"The odd thing about this form of communication is that you're more likely to talk about nothing than something. But I just want to say that all this nothing has meant more to me than so many somethings."
- You've Got Mail (1998)
From writer/director Nora Ephron
In You've Got Mail, Nora Ephron used the magic of the written word to unite would-be lovers Tom Hanks and Meg Ryan in her clever hybrid of screwball comedy and Jane Austen's Pride and Prejudice which resulted in the delightful 1998 box office smash.
Cinematically speaking, Mail’s basic pen pal premise has a rich screen history with roots tracing back as far as Ernst Lubitsch’s Shop Around the Corner (as well as its musical remake In the Good Old Summertime).
Both Hollywood Golden Age pictures reinforced Austen’s theory that sometimes the key to uncovering a person’s truest self can be found in print (as Elizabeth Bennet’s turning point with Darcy occurs only after he writes her a revealing letter). But books being books and films being films, Hollywood diluted the medicinal moral of the story with a heaping spoonful of sugar-sweet, sophisticated comedy.
For shy strangers or those who live in different locations – whether in the same apartment on different days via the conceptually similar Night We Never Met or on opposite sides of the country in Ephron’s script for her classy Affair to Remember send-up Sleepless in Seattle, the centuries old practice of wooing with words is often revisited on the silver screen.
And the premise is given a modern makeover in the internationally successful, inventive Indian crossover comedic hit The Lunchbox which cleverly infuses the romantic timbre of the film with another favorite method of movie courtship by harking back to the age old (maternal) adage that the best way to a man’s heart is through his stomach.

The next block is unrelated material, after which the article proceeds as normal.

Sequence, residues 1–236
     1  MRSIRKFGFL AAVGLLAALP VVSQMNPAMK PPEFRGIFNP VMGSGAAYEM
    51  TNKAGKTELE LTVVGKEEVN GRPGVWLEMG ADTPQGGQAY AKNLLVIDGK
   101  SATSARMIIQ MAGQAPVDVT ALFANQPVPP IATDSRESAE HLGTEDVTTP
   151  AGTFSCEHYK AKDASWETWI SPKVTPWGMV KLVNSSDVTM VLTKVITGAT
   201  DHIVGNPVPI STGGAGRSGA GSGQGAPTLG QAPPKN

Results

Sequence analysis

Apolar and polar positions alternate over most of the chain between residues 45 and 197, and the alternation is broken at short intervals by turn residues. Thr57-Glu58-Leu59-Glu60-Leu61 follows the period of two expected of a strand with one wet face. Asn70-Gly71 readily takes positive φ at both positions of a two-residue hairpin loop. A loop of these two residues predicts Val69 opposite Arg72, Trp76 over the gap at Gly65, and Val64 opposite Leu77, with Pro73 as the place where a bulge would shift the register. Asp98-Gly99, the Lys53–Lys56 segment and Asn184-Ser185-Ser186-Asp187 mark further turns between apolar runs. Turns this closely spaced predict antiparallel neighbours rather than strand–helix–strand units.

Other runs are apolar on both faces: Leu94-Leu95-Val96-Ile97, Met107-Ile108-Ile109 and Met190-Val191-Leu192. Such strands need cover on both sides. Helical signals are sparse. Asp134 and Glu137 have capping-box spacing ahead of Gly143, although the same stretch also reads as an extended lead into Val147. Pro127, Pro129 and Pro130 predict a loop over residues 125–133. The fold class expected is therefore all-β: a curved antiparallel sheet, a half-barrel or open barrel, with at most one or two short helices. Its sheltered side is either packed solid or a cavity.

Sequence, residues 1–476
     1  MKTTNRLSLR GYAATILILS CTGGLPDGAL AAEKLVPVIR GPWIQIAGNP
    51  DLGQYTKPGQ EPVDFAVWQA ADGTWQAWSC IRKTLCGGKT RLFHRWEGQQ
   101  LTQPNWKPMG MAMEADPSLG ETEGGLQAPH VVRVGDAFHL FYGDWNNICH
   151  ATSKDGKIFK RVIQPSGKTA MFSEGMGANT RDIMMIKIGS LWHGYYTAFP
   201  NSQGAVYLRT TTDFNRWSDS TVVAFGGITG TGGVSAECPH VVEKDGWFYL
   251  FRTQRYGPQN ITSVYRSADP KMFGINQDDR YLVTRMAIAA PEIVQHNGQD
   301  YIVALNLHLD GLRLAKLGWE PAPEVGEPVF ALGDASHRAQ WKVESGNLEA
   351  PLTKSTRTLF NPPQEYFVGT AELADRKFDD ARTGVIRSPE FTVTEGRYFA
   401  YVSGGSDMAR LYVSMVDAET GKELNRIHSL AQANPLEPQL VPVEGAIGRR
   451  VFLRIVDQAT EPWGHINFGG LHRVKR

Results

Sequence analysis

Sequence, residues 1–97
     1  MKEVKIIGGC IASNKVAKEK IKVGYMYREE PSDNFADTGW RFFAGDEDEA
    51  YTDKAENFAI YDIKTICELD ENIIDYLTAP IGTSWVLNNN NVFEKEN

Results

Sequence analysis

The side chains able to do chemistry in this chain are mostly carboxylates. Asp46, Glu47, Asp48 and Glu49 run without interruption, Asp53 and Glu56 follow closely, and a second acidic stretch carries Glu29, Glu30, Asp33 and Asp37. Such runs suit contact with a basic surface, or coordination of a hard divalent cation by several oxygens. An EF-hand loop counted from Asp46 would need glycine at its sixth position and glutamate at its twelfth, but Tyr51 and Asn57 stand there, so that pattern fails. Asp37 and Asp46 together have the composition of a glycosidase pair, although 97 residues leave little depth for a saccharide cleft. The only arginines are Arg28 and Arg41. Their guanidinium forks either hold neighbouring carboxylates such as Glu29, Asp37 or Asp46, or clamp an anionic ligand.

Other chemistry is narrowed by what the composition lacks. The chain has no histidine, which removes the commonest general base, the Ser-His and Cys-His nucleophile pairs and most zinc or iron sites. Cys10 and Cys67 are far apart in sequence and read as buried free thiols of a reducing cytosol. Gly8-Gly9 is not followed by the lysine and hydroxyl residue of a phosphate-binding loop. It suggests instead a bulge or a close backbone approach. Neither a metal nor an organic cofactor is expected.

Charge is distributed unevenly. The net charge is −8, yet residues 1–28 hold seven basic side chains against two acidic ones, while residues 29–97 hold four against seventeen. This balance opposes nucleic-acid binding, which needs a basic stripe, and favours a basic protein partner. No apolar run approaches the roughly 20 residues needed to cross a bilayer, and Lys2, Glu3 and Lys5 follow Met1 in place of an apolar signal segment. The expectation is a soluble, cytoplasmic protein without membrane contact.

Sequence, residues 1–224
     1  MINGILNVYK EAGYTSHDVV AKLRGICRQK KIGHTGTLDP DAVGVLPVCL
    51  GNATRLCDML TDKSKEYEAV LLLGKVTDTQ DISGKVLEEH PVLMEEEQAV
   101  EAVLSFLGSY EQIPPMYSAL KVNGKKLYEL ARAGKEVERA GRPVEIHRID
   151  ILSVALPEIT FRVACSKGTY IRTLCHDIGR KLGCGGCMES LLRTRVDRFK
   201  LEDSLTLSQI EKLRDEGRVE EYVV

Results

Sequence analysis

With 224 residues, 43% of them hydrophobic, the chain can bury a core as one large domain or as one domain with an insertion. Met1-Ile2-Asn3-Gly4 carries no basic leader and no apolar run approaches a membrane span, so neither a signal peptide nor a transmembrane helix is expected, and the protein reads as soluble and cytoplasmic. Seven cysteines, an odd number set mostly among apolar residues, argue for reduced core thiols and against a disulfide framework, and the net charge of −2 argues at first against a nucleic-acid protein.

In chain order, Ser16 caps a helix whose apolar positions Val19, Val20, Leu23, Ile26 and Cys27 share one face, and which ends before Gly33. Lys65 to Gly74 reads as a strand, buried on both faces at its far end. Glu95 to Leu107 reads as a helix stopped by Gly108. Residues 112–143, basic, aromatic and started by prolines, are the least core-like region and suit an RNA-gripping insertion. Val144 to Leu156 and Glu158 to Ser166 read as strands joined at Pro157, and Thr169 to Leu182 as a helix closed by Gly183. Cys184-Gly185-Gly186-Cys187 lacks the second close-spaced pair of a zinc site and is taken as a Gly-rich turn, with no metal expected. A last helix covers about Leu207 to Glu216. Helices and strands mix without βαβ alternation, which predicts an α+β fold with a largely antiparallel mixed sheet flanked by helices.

Therefore, an unlikely connection between two lonely hearts is forged due to a mistaken lunchbox delivery that seduces both the heart and head in this Cannes Film Festival charmer which garnered the critic’s prize for the film from first time feature filmmaker (and scripter) Ritesh Batra.
And just like his work epitomizes the accidental one-in-a-million “meeting” of likeminded souls that fall in love from afar (following a one-in-a-million mix-up that finds a lunch prepared with love by a neglected young wife falling into the hands of a hardworking, soon-to-be retired widower), the idea for The Lunchbox occurred to the filmmaker by a similar accident after he began researching his intended topic.
Looking into the legendarily efficient and globally renowned intricate lunchbox delivery system of Mumbai’s world famous “dabbawallas” for a proposed documentary, Batra soon became more intrigued by the prospect of following the thread of a hypothetical (and incredibly rare) occurrence of what would happen if one particular lunch was delivered to the wrong recipient from an unsuspecting housewife named Ila (Nimrat Kaur).